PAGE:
His nose knows termites in Sarasota and Manatee counties
East County resident Ron Freedman walked through the front door with his beagle, Sgt. Snitch, and was ready for business.
“Find your Tees,” said Freedman, who refers to termites as Tees when he talks to Snitch.
He was on the hunt for his Tees. After all, chasing termites can be quite the thrill.
“He’s all energy, all the time,” Freedman said with a chuckle. “I have to slow him down. It’s my job as a handler to make sure he gets in all the
nooks and crannies.”
Snitch did not find any termites at this home, but he has found them in all the typical places — cabinets, walls and even in furniture — at other properties.
Snitch and Freedman are one of only three dog-handler termite detection teams in the U.S. certified by the National Entomology Scent Detection Canine Association. All three teams are located in Florida, according to the organization’s website.
While Freedman uses his eyes to inspect a home for termites and wood-destroying organisms, Snitch’s value is his nose. He can identify potential problem areas that Freedman cannot see or can help validate concerns. Freedman said that by law, he cannot say a property has termites unless he sees one, but having Snitch as an indicator gives property owners or homebuyers an extra layer of protection.
“He gives us a much better indicator past our eyes,” said Freedman, who owns All American Pest Services out of his home in East County. “He’s trained to sniff live termites, not dead ones.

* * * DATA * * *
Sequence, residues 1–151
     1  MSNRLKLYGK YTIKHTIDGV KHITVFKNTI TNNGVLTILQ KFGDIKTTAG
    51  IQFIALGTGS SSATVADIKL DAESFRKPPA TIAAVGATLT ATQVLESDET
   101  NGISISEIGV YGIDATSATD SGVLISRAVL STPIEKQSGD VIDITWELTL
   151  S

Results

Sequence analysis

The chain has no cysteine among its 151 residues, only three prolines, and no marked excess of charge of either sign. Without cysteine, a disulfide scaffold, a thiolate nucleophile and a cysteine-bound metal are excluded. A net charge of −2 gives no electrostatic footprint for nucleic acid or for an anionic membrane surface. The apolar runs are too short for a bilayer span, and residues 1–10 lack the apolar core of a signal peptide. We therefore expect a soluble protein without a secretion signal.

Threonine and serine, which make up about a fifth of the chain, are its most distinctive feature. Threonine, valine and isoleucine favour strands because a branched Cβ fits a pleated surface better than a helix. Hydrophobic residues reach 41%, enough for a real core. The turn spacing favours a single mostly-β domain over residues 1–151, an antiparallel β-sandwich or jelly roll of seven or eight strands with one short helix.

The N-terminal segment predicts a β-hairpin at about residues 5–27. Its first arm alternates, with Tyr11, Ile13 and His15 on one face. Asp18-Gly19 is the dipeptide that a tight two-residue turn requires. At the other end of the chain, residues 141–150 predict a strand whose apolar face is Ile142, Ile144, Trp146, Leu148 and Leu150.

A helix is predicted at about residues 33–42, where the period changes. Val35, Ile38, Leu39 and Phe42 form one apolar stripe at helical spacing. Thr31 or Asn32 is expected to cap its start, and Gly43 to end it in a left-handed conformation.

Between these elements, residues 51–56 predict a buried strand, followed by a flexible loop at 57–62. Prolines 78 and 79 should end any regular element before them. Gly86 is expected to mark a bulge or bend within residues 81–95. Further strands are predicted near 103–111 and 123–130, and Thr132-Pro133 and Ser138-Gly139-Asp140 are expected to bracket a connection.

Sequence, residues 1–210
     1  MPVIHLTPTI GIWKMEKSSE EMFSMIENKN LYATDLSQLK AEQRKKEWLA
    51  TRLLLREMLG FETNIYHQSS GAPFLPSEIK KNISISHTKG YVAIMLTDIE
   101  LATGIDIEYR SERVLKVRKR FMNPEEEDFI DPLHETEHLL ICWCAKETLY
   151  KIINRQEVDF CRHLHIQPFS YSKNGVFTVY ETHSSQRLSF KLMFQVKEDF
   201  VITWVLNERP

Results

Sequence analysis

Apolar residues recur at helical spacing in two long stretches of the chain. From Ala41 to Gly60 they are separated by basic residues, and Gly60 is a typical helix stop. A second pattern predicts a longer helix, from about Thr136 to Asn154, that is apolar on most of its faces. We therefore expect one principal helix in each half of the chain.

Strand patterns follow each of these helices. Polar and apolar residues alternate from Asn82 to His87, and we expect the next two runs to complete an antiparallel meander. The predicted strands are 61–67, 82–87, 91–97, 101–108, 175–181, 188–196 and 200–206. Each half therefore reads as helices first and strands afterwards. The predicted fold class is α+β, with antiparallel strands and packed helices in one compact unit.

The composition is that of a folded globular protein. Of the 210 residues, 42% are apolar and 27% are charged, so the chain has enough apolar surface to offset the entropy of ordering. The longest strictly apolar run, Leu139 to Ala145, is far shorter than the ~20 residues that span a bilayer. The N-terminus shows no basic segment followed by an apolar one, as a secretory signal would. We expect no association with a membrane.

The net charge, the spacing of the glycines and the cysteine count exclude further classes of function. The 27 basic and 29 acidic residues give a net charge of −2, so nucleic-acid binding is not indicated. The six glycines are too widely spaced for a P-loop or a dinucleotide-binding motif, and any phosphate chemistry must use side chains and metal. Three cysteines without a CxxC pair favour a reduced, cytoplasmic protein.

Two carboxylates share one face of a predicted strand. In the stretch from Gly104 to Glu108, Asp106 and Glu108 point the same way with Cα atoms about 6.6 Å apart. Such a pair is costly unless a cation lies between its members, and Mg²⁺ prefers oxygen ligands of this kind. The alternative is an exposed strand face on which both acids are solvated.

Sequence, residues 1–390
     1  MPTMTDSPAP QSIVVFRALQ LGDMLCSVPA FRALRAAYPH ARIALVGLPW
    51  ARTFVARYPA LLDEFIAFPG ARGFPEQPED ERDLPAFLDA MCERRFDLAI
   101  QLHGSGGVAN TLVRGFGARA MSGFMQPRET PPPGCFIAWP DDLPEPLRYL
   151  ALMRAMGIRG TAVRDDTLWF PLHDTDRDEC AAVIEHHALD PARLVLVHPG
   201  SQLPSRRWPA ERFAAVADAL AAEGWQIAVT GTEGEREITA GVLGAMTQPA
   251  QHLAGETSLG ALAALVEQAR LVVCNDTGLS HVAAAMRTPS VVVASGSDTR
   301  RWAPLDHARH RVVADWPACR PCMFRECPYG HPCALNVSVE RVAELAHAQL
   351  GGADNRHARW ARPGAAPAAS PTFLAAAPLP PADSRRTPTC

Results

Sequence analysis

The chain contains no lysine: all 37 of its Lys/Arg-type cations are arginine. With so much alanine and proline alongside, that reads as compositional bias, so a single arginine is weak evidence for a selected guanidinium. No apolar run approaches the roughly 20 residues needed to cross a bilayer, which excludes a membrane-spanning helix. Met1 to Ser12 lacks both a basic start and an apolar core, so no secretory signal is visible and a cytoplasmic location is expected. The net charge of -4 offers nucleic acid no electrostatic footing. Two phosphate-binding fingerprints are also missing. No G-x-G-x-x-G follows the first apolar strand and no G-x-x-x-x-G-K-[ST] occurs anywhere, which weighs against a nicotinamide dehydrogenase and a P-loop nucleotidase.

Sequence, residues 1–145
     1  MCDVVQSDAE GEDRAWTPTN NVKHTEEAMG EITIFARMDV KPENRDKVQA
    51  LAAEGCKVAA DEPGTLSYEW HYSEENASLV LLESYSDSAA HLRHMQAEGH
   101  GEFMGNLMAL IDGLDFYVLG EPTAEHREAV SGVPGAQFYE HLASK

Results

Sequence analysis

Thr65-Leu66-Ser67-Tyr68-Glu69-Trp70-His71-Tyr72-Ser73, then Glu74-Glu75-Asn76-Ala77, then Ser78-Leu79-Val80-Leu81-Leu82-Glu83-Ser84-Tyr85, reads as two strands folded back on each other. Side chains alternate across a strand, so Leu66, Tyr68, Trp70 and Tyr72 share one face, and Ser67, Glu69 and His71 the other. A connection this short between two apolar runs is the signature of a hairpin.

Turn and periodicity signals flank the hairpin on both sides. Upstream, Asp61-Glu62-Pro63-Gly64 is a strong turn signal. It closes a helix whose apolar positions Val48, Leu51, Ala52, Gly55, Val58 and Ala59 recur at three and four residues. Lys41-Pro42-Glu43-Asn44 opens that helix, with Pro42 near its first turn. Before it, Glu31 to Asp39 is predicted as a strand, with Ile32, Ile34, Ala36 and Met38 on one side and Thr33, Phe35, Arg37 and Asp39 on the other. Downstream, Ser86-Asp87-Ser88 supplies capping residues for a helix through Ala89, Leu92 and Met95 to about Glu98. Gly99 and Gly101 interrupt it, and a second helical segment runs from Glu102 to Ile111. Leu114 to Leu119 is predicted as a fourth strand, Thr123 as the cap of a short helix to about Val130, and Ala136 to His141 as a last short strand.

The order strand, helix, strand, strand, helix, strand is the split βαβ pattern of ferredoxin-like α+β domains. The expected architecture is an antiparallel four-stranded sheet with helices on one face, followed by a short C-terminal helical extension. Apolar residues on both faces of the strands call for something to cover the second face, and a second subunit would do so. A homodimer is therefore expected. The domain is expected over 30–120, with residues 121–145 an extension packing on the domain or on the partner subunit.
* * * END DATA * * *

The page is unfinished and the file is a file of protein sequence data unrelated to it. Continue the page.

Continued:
“Termites can be in a piece of wood three to four years, sometimes, before you see anything. … It’s a tool. It’s not 100%. We still have to find them.”
If Snitch alerts — his signal is pawing the location in question — Freedman can recommend preventative treatments or encourage property owners to monitor certain areas.
Having Snitch has helped Freedman be better at his job too. Because Freedman must train Snitch daily, he has to have live termites ready to be found. He keeps logs, old cabinets and other pieces of wood that have the creature in them.
Freedman said trying to keep termites alive has helped him better understand how the insect lives and thrives.
Freedman spent more than a decade as a mechanic in the drag racing industry before getting into the pest control business in 2014 with a friend, Jamie Hannan, in Port St. Lucie. Hannan has his own termite inspection business, Hannan Environmental Services, and Freedman was looking for a new career path.
“I was tired of being married to a race car,” Freedman said.
While they were working together, Hannan purchased a termite-sniffing dog who was nearing retirement, and he began putting its nose to use in identifying termites.
“That’s how I saw the value of what they can do,” Freedman said.
Freedman started his own pest services business in East County, close to his family, in 2016. He became licensed in termites in late 2017 and got Snitch about six months later. Snitch had been a hunting dog, but when that wasn’t working out, his owner gave him up for adoption. J&K Canine Academy Inc./Scentworx, in Alachua, found him for Freedman and began his training, which took about four months.
Freedman said Snitch hunts for both subterranean and hardwood termites, as well as beg bugs.
Snitch typically goes out for inspections two to four times per week, but Freedman said it could be more — perhaps three times per day. He hopes to get a second handler certified, so Snitch can be better utilized.
Freedman said a typical wood-destroying inspection that tests for termites costs $50-$75. With Snitch, the service costs $125-$150.